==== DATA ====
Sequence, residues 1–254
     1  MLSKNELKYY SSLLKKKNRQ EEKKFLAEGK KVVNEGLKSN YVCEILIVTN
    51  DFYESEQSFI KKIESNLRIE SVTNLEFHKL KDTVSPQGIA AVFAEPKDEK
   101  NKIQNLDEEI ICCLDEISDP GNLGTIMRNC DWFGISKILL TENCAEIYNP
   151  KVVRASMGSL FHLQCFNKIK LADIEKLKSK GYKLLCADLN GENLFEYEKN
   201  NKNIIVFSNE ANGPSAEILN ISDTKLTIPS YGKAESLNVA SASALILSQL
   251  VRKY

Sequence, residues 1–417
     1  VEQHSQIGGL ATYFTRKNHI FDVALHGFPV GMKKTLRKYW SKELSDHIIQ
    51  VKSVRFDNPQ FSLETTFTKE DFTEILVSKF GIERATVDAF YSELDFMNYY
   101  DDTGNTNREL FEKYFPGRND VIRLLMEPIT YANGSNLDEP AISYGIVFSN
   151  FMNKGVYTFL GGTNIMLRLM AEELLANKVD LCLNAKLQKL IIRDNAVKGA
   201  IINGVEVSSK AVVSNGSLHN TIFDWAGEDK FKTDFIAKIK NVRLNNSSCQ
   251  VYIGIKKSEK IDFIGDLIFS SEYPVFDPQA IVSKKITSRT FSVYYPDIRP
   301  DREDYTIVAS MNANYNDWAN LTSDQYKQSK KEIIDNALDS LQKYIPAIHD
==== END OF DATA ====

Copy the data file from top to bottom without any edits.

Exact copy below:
Sequence, residues 1–254
     1  MLSKNELKYY SSLLKKKNRQ EEKKFLAEGK KVVNEGLKSN YVCEILIVTN
    51  DFYESEQSFI KKIESNLRIE SVTNLEFHKL KDTVSPQGIA AVFAEPKDEK
   101  NKIQNLDEEI ICCLDEISDP GNLGTIMRNC DWFGISKILL TENCAEIYNP
   151  KVVRASMGSL FHLQCFNKIK LADIEKLKSK GYKLLCADLN GENLFEYEKN
   201  NKNIIVFSNE ANGPSAEILN ISDTKLTIPS YGKAESLNVA SASALILSQL
   251  VRKY

Sequence, residues 1–417
     1  VEQHSQIGGL ATYFTRKNHI FDVALHGFPV GMKKTLRKYW SKELSDHIIQ
    51  VKSVRFDNPQ FSLETTFTKE DFTEILVSKF GIERATVDAF YSELDFMNYY
   101  DDTGNTNREL FEKYFPGRND VIRLLMEPIT YANGSNLDEP AISYGIVFSN
   151  FMNKGVYTFL GGTNIMLRLM AEELLANKVD LCLNAKLQKL IIRDNAVKGA
   201  IINGVEVSSK AVVSNGSLHN TIFDWAGEDK FKTDFIAKIK NVRLNNSSCQ
   251  VYIGIKKSEK IDFIGDLIFS SEYPVFDPQA IVSKKITSRT FSVYYPDIRP
   301  DREDYTIVAS MNANYNDWAN LTSDQYKQSK KEIIDNALDS LQKYIPAIHD